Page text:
Gaming & Technology

'Legend of Zelda' is 25 but never grows old

Link is the Robin Hood-esque hero of the series The Legend of Zelda.
Link is the Robin Hood-esque hero of the series The Legend of Zelda. Photo courtesy Games Press

It's fitting that Nintendo's top holiday game release is The Legend of Zelda: Skyward Sword, because it has been 25 years since the debut of the franchise that helped usher in a new era of gaming.

When The Legend of Zelda debuted in Japan in February 1986, it was a turbulent time in gaming. Just a few years earlier, industry giant Atari had essentially imploded after game companies flooded the market with low-quality titles for its console. Nintendo debuted its NES with the innovative platform game Super Mario Bros., but one game can't support an entire system. The company decided to bring Zelda, its puzzle-solving action-adventure game, over for American gamers in 1987, introducing millions to the land of Hyrule.

The Legend of Zelda told the tale of a hero named Link, who rescued Princess Zelda from the evil clutches of a pig-like creature named Ganon. To do so, he had to collect fragments of a powerful ancient relic called the Triforce of Wisdom. It had all the makings of a classic medieval tale. Link even resembled Robin Hood, with his green garb and excellent archery skills.

The game was hugely successful, earning the title of top-selling NES game until Super Mario Bros. 2 came along. (The first Super Mario Bros. doesn't count, because it was bundled with the console for sale.) It also introduced a new feature, allowing players to save their games. Gone were the days of leaving your NES on so you wouldn't have to start the game all over.

Today, The Legend of Zelda holds a special place in gamers' memory. I, for one, replay the game annually. It continues to amaze me how I can continue to find new places to explore. Every location on the board seems to hide places where goblins might give me money or an old man might charge me for burning down his home. As I accumulate weapons throughout the eight dungeons where the Triforce pieces are scattered, I begin to decide to leave, say, a magic wand behind to make the game slightly more difficult.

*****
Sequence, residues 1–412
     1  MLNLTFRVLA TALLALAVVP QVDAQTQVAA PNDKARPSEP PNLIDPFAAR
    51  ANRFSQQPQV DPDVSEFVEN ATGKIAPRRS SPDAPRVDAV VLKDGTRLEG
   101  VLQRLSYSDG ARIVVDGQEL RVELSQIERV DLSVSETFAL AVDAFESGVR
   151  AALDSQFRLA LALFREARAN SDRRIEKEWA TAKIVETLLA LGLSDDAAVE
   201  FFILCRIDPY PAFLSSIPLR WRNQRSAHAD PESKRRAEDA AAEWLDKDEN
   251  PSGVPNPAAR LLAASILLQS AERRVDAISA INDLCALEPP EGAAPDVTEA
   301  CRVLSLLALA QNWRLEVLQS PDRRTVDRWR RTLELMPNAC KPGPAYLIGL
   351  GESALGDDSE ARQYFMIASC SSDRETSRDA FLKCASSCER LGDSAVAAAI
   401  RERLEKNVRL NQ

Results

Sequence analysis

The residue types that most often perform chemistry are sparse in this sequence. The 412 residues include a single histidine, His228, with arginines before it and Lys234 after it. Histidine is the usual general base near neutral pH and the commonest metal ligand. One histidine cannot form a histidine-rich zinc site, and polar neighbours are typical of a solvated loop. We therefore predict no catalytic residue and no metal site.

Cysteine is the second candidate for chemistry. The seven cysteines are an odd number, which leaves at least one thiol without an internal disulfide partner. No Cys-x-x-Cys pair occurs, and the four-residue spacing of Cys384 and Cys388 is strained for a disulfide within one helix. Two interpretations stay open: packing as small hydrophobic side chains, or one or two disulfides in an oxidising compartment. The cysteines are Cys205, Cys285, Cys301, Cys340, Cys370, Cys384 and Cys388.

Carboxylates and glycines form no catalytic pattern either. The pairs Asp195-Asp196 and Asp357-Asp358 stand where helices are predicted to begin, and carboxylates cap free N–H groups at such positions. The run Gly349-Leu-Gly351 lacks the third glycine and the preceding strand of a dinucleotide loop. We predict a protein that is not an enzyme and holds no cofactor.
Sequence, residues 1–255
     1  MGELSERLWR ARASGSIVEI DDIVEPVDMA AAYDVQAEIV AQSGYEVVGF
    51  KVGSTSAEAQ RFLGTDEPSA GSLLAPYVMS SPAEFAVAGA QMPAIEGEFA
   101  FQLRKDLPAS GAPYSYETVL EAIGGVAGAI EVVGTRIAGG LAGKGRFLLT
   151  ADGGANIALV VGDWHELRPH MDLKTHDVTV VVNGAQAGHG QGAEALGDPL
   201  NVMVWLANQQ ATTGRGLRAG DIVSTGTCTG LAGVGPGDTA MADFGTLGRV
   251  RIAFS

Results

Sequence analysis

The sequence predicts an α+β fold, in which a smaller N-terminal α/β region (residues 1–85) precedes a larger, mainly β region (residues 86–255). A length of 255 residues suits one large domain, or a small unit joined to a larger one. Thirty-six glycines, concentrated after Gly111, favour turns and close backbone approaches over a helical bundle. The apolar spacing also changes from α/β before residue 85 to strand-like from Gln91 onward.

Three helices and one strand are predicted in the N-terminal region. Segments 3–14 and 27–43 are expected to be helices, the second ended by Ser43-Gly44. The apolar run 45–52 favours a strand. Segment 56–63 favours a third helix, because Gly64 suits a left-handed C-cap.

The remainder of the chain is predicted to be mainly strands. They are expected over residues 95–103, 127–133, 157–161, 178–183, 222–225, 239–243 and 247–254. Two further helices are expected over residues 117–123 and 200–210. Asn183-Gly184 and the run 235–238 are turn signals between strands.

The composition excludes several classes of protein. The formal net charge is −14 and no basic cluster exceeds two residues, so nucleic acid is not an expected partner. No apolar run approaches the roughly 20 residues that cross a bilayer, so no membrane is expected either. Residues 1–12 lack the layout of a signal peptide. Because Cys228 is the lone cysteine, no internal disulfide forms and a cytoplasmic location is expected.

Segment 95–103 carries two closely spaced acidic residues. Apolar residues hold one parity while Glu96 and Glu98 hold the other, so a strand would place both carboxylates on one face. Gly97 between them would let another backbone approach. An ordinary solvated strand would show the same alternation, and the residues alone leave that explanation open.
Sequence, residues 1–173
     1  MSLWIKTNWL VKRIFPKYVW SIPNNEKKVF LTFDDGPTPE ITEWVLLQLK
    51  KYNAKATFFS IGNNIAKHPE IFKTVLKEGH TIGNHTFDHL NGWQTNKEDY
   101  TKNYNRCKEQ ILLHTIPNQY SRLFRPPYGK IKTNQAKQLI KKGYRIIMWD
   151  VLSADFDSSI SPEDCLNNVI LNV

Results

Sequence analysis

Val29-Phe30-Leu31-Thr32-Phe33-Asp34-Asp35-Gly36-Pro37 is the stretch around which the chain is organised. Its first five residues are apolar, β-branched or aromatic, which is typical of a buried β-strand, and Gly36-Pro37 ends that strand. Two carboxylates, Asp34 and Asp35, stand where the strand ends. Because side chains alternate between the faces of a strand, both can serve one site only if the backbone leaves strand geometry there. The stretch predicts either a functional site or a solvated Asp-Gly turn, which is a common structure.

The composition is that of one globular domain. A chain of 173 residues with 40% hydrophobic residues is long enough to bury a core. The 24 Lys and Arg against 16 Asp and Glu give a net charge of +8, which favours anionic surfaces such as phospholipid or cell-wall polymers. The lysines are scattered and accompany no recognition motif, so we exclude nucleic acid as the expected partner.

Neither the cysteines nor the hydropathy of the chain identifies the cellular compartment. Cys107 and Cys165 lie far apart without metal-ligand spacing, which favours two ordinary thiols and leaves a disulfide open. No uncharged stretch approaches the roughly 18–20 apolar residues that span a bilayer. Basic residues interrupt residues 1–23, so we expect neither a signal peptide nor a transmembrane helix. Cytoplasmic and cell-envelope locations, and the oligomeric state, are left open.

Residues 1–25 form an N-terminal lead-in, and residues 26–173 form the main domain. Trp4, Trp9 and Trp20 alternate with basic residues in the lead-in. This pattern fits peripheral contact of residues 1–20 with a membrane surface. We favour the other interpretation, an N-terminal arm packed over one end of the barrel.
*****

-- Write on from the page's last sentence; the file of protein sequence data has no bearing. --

It's also intriguing to go back to the original and see the origins of the enemies who have continued to torment me in games ever since. I still think the sword-wielding Darknuts in the original are tougher than any other of their incarnations.

Another feature of the original that spawned its legacy and devotion was the inclusion of a second quest. After triumphing over Ganon in the original, you were rewarded by being told you could do it again. Except this time, the dungeons are all in different places, and the enemies are more difficult. For 25 years, the "Second Quest," as it's officially called, flummoxed me. But this year, I triumphed — without looking up any hints. (My only advice is play the recorder in every area and bomb and burn everything in sight.)

If there's a Zelda fan on your holiday gift list this year, Skyward Sword for the Wii is the obvious choice. And for longtime fans, there's a bonus: a CD featuring eight songs from the series history, performed by orchestras. It pulls pieces from the series' many games and is a treat for old-school fans.

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